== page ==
Salary offer to civil servants: stark contrast to leadership in Botswana & the Netherlands

A higher than inflation salary increase for the public sector against the growing mountain of losses recorded in Company tax returns, does not signal an urgency for effective governance and economic stability to change from an environment where crime offers better returns than business. Important players in Government (and the ANC) appear not to grasp decisions and actions have systemic consequences.

SARS CIT assessments

South Africa’s public service salary bill consumes, according to Prof Jannie Rossouw of Wits Business School, about 45% of tax revenue. A 2017 OECD report found South Africa’s public service wage bill exceeded 14% of GDP: substantially higher than the benchmark of OECD and Emerging Market countries.

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Investment ambassadors can try, but SA company losses exceed taxable income

Pres Ramaphosa’s announcement that four special ambassadors – including well respected Trevor Manuel – are to roam the globe in an aggressive pursuit of foreign investment  “… like a pack of lions”, appears to be premature. It would have helped these ambassadors if they could have had a better story to tell than one of a business environment with stagnating profitability and growing losses where:

  • only 25% of firms have earned sufficient to be liable for company tax;
  • firms with a taxable income below R10 million decline at a rate of 31 per week;
  • a mere 635 companies are responsible for 77% of company tax;
  • from 2009 to 2015 company losses as submitted to SARS increased by 85% and for the last two years were higher than the taxable income assessed.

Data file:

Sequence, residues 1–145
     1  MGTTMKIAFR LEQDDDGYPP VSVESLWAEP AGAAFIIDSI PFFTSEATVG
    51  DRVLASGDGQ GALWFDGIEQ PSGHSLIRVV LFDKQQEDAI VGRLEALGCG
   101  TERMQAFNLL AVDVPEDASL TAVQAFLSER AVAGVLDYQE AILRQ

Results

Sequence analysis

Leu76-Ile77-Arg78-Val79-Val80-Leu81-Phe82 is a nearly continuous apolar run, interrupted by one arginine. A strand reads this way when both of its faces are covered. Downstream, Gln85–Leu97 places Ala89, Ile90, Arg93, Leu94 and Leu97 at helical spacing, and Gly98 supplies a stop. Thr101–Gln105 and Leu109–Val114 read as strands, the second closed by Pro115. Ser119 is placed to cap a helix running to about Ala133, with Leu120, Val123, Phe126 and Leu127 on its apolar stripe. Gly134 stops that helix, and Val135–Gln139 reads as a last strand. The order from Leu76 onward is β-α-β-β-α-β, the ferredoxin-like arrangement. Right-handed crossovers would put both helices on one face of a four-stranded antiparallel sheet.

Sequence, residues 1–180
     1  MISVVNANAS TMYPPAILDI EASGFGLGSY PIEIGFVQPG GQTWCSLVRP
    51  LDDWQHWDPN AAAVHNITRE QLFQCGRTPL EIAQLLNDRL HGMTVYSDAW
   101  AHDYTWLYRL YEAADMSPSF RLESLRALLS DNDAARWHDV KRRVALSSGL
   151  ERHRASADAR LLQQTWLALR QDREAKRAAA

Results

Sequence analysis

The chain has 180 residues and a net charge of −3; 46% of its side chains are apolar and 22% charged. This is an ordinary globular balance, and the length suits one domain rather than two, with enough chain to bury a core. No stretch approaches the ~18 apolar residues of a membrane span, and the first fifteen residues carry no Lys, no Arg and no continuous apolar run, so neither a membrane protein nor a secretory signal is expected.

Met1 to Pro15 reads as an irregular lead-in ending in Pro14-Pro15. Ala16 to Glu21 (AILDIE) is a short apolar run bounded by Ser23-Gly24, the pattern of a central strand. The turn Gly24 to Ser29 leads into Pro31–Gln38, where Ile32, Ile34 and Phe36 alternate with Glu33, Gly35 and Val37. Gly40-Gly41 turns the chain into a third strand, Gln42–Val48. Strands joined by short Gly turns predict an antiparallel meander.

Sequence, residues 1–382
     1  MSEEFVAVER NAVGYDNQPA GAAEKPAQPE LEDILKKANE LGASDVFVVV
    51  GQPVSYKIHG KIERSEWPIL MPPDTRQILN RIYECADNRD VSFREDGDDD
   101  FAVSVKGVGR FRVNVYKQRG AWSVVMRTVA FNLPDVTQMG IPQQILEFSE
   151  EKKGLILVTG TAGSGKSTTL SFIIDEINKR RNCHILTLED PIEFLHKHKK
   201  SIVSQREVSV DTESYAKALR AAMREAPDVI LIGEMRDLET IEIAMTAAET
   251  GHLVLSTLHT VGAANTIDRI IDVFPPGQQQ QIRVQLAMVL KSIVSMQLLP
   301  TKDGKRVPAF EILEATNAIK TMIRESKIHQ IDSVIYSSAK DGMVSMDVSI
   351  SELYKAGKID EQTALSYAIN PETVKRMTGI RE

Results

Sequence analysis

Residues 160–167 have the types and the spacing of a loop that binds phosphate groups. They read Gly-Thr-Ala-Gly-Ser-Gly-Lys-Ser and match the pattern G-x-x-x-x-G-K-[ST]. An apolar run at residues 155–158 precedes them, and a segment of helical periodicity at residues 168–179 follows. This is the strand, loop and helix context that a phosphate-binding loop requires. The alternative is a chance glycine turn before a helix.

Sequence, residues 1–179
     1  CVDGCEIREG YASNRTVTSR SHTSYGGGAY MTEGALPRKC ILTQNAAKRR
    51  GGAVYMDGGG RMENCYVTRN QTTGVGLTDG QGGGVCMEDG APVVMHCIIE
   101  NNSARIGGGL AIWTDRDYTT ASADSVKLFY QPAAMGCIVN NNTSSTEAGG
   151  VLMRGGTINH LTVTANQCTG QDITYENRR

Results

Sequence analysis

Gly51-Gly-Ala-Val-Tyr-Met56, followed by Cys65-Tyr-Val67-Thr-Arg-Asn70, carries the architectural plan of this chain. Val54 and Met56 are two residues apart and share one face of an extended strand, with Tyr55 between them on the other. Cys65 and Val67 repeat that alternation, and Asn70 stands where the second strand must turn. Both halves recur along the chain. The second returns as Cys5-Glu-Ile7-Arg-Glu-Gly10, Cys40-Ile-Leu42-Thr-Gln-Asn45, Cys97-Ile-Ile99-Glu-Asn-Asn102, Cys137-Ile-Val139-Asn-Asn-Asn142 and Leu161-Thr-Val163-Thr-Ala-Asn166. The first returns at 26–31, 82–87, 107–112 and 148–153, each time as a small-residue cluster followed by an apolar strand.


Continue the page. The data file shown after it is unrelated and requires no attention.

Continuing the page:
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The ‘cigarettes and whisky conundrum’ and the advice of the Red Queen

The Red Queen said to Alice: “Now, here, you see, it takes all the running you can do, to keep in the same place. If you want to get somewhere else, you must run at least twice as fast as that!” 1 This advice also seems to hold for the cigarettes and whisky conundrum of South African communities.

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Managing the interface between the formal & informal sectors

Informal traders SBIncreasing the number of micro and informal businesses (in particular survivalists, street vendors, hawkers and spaza shops) is a yard stick by which the progress of the Department of Small Business Development is measured. That is clear from the 2016 report of the Parliamentary Committee on Small Business Development (See https://pmg.org.za/committee-meeting/22352/ ). Whilst supporting the poor is laudable, any strategy that wants to regenerate economic growth has to seriously reconsider this approach. Continue reading “Managing the interface between the formal & informal sectors”